B.C. fare gates end the need for transit cops 0
If you’re reading this on the bus or SkyTrain, there is a good chance fewer of your fellow passengers are cheating the system. That’s what Webster-nominated CKNW reporter Janet Brown discovered this week when she asked TransLink for the numbers.
In Sept. 2011, there were approximately 164,000 fine checks resulting in 5,000 tickets being issued. Last month there were a staggering 230,000 fare checks, but only 2,900 fines were written up for transit scofflaws. Each time someone gets caught it will set him or her back a hefty $173 — assuming he or she is inclined to pay up.
There are many theories floating out there as to why, despite conducting more fare checks, the total number of fines declined by more than 40%. The most credible reason has to be the significant media attention paid to Premier Christy Clark’s new legislation cracking down on fare evaders.
Earlier this year, Victoria finally introduced legislation aimed at closing a significant loophole which allowed cheaters to avoid paying their transit fines. Now, if you decide to board a SkyTrain without paying, TransLink is able to track you down when you renew your driver’s licence or car insurance. This clearly has a lot of people thinking twice about the risk of getting caught for fare evasion.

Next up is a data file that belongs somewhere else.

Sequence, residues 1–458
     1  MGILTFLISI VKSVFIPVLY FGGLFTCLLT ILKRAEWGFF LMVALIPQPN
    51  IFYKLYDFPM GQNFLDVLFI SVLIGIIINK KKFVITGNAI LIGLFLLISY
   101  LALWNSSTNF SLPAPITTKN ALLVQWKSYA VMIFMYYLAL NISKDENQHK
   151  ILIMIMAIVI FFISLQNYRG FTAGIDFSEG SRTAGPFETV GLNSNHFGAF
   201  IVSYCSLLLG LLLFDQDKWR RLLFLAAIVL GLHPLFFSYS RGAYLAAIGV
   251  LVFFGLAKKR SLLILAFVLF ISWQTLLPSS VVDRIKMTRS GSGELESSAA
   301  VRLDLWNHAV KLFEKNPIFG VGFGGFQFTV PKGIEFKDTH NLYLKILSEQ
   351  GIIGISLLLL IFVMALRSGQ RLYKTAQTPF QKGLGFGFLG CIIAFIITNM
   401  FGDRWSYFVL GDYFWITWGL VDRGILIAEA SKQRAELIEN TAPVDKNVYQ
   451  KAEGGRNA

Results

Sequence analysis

With new fare gates being installed at SkyTrain stations, security measures will tighten up even further in the coming months. It has some government watchdogs rightly wondering if we will still need all those costly $100,000-plus transit cops who focus mainly on fare checks.
Given what has transpired in the past, there is a strong likelihood this will become an issue in the upcoming provincial election.
The BC NDP have already gone on record as opposing fare gates and supporting the hiring of more transit cops. In 2007, opposition leader Adrian Dix said the government should increase the number of transit police by at least one third. That would have translated into the hiring of 60 more officers.
“Part of our responsibility is to make sure people are safe, and that means taking the necessary steps to hire more security staff to ensure a more consistent police presence across the transit system,” said Dix at the time in a written statement.
Regardless of whether this issue becomes fodder for a political debate, one thing is for sure. For the select group of people who felt they were above the law, the cost of riding public transit just got a tad costlier.